On the way to Paradise

From Mount St Helens, we drove straight to Mount Rainier. This was about a 2.5h drive. Slightly less scenic than the drive down Spirit Lake Memorial Highway, but still worth it. Again, the roads were relatively empty which made for a very pleasant drive. There were 1 or 2 gas stations along the way… one that we stopped at for a quick bathroom break and to stock a few more snacks. 

We were able to make the entire journey from Portland to Seattle (stopping at each of the mountains) on 1 tank of gas in the Jeep Wrangler that we rented… just to give you an idea of how much gas you will need. 

Mount Rainier is an actual National Park that you have to pay to drive into. It was $30 per car for 7 consecutive days. Honestly, I didn’t want to pay, Asia made me, but I’m glad she did because we would really have missed out if we didn’t.

In the park, the rangers call the top of the mountain Paradise, and to be honest… it looks like it when you reach the top. We weren’t too sure of what we were looking for or where we were driving to. It was lucky that someone stopped us at one of the viewpoint locations and told us we needed to continue the drive. I’d say the drive to the top takes about 30-40min or so but you have to go all the way up.

Just like Mount St. Helen’s, there are tons of areas to stop at that include viewpoints or walkable trails. While we were there, there were only about 2 trails that we could walk due to the snow pileup, so we took advantage of them and did the little hikes we could. Both, again, provided amazing views.

For info on the road conditions and park restrictions, click here

Things to know before you go

  1. If you can, rent a truck/SUV of some sort. We were so grateful we rented a jeep, not because of the road conditions, but simply because there was so much snow pileup that we needed to sit on top of the jeep to see a lot of the views.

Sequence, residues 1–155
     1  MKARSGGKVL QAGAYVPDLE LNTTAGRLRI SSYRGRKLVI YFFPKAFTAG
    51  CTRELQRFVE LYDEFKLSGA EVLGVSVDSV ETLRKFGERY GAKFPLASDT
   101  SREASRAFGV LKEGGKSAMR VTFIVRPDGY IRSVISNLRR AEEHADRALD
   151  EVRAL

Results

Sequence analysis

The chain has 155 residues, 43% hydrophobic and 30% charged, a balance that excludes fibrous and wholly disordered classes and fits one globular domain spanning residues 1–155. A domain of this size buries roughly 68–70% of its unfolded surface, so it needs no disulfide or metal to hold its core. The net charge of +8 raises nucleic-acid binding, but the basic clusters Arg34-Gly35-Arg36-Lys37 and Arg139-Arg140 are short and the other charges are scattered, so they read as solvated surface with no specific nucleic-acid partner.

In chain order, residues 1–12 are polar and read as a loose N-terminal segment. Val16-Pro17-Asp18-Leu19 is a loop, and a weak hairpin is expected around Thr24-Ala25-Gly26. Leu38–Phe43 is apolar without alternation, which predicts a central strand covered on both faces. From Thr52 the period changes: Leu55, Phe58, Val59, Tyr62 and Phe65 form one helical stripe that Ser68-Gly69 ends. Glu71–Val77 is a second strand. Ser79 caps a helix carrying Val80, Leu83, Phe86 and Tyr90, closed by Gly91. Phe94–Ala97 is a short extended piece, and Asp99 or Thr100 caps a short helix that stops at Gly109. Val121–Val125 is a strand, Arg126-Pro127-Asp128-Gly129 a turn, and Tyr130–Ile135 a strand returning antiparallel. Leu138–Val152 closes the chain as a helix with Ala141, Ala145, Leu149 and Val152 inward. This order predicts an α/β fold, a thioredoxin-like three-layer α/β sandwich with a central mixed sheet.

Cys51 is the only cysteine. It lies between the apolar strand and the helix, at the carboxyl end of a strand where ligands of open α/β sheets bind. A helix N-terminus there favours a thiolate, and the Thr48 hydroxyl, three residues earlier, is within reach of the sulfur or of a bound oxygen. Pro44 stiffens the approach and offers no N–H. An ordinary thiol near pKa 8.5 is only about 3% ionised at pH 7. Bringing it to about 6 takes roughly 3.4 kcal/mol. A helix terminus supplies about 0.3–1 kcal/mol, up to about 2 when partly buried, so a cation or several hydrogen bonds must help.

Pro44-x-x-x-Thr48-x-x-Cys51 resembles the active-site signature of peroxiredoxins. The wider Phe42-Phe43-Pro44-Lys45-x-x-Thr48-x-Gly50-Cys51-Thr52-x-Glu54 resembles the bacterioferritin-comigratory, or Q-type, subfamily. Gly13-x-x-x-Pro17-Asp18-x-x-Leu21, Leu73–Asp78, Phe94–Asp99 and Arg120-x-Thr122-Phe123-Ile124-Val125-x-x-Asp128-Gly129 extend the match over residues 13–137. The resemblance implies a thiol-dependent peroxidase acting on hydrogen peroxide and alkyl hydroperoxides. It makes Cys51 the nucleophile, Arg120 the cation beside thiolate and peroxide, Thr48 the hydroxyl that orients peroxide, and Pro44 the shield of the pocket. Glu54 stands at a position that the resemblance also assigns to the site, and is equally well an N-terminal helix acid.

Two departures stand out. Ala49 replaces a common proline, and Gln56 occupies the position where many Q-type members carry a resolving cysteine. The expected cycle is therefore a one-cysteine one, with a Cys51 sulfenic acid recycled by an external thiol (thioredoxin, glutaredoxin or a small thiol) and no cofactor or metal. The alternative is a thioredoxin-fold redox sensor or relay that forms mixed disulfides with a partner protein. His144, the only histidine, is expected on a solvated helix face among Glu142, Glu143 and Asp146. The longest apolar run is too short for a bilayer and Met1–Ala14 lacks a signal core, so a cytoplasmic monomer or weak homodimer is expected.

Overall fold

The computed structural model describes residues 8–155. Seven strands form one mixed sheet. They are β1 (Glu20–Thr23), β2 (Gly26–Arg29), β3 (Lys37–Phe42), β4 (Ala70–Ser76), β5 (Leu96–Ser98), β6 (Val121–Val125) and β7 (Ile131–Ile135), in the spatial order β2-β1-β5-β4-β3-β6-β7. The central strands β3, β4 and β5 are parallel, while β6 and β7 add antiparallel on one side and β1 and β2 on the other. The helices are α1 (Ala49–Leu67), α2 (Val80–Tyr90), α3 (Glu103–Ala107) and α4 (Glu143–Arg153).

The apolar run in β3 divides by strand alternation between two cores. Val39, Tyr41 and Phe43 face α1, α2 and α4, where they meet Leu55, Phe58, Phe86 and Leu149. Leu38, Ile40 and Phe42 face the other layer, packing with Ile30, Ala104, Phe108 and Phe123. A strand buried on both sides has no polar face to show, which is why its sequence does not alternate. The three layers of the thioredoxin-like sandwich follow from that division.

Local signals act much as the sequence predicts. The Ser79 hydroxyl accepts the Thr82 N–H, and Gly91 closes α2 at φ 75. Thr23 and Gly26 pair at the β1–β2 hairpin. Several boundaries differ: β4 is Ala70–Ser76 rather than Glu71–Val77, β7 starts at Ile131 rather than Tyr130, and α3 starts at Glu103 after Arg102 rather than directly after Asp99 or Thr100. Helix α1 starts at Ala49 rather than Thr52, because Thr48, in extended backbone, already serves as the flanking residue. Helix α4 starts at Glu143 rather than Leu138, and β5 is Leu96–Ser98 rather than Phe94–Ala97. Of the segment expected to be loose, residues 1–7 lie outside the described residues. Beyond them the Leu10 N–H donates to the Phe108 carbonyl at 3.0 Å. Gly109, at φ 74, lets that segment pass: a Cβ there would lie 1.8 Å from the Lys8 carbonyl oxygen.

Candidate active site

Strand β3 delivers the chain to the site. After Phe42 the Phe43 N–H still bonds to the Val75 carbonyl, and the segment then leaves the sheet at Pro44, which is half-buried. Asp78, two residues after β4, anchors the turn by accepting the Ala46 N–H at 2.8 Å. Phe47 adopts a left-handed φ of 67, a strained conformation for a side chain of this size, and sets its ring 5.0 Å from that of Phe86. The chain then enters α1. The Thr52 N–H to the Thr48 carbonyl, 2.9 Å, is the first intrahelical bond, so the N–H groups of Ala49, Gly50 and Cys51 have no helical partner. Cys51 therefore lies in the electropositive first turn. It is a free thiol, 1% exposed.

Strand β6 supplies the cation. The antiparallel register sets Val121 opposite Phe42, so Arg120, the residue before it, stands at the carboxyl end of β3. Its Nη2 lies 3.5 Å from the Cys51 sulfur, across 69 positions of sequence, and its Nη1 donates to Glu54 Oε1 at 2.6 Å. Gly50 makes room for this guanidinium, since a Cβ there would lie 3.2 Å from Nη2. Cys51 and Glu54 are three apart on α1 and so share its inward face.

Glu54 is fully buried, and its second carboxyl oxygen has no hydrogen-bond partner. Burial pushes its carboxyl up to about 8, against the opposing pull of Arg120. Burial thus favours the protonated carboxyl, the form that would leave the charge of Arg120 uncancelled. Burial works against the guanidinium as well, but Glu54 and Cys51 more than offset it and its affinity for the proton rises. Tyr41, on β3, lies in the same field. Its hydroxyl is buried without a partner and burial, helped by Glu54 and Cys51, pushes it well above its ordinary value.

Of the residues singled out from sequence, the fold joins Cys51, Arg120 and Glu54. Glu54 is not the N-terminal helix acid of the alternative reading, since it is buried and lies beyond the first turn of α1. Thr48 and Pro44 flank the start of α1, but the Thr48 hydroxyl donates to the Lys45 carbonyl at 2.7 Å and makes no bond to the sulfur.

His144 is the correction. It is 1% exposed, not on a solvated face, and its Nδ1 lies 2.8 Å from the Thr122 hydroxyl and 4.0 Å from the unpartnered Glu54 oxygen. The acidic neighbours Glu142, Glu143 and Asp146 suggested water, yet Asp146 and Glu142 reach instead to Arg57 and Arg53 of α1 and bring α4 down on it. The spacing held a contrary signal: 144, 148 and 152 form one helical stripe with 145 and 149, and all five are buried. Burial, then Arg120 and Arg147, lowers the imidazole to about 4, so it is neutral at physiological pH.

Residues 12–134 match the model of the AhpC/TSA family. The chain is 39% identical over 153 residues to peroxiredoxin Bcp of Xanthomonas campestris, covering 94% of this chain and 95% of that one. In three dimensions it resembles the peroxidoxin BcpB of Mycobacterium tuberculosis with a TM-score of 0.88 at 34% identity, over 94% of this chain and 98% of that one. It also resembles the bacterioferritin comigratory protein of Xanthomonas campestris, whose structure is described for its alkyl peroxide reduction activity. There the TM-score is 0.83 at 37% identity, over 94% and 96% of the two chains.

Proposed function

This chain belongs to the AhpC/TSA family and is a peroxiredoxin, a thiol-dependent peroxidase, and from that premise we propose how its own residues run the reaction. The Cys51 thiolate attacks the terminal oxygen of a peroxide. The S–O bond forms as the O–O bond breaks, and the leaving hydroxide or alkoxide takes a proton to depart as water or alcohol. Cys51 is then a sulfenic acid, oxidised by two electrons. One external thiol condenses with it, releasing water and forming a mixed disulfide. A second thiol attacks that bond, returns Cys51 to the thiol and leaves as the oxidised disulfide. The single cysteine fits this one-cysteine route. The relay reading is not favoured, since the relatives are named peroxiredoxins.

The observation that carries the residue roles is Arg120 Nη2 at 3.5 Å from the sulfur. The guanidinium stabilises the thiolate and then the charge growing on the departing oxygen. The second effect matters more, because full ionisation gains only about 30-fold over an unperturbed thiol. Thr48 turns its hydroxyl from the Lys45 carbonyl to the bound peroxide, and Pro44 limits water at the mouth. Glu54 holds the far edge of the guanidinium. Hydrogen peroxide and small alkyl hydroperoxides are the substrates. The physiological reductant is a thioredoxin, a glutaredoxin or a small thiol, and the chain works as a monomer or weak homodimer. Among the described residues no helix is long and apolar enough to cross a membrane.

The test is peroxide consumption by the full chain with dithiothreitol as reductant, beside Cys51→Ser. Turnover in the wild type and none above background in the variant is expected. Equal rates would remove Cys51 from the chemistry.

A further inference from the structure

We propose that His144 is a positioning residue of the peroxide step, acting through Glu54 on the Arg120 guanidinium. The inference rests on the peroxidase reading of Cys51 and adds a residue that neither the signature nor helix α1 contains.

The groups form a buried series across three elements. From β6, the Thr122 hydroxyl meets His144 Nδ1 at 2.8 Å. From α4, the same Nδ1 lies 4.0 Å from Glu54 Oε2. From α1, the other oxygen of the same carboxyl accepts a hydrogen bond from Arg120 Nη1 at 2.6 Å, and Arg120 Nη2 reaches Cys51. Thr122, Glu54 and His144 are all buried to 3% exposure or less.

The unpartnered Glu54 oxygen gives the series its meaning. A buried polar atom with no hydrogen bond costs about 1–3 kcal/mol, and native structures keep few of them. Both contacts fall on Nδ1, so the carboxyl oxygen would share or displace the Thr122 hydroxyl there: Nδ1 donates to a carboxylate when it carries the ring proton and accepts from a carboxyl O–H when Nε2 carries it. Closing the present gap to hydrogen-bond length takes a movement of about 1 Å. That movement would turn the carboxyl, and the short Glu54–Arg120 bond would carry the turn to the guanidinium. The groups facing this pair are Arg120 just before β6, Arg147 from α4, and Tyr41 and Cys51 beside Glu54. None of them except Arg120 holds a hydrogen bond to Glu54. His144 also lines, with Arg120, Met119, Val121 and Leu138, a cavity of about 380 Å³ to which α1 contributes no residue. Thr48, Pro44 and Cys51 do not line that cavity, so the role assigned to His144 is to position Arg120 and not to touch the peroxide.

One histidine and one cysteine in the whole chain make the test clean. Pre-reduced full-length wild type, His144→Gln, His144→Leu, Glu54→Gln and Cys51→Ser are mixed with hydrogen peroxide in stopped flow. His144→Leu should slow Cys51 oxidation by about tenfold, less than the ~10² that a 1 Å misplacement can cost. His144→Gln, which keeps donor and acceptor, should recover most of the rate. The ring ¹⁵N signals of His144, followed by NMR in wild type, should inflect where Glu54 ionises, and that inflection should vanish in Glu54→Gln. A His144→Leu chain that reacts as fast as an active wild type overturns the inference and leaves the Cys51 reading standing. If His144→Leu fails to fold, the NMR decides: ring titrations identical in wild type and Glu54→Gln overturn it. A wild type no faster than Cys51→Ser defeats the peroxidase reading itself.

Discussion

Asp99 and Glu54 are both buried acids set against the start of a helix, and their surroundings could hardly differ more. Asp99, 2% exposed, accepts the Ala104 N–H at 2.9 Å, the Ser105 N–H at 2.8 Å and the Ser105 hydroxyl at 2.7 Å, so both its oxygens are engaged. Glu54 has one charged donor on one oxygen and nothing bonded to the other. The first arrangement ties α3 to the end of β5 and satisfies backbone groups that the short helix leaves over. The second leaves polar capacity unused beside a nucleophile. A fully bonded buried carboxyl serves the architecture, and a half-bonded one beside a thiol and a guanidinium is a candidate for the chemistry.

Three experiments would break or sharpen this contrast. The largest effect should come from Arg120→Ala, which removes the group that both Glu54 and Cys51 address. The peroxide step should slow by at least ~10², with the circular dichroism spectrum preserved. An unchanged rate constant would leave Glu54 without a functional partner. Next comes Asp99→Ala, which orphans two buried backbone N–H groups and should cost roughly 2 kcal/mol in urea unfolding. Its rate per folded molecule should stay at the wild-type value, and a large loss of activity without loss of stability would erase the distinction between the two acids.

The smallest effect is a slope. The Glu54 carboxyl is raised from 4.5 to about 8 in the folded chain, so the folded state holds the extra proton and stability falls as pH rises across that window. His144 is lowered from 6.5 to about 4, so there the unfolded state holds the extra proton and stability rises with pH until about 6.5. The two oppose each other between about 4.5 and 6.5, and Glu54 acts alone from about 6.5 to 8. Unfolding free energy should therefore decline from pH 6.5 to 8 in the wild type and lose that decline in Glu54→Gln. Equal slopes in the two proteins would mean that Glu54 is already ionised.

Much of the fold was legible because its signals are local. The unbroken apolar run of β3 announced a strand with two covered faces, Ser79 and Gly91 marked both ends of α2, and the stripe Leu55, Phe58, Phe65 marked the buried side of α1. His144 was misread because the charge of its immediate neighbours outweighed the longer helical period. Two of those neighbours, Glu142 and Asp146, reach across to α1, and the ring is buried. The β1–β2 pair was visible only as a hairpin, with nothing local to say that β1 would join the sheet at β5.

2. Be aware that between Nov 1st and May 1st you are required to have tire chains in your car while in the Mount Rainier National Park. Because the weather and road conditions weren’t bad during our visit, they did not have to be put on the tires, just needed to be in our trunk. Along the road into the park, there are several places you can rent the chains prior to getting to the entrance. We stopped at the Ukrainian Restaurant and rented ours for $20. 
  3. On a sunny day, especially in the winter/spring you need sunglasses. The sun beaming off all the white snow can be blinding. 
  4. It’s very very important to have a waterproof shoe with traction, if you don’t you’ll find it nearly impossible to walk on some of the snow covered areas. If you didn’t bring anything with you, or don’t own a shoe that is suitable, there’s a store in Portland called Keen Garage, where you can buy relatively well priced boots!
  5. If you’re looking to really hike and explore, it’s best to go between May and Oct when most of the snow has cleared out. 

On to Seattle

It only takes about 2h to get into Seattle from Mount Rainier. If you can, plan it perfectly so that you make it in to Seattle before 5pm. Especially if you are doing this day trip during the week. The city has pretty horrible traffic, if you can make it in before 5 you’ll be able to beat it!

As always, comment or email with any questions regarding this trip!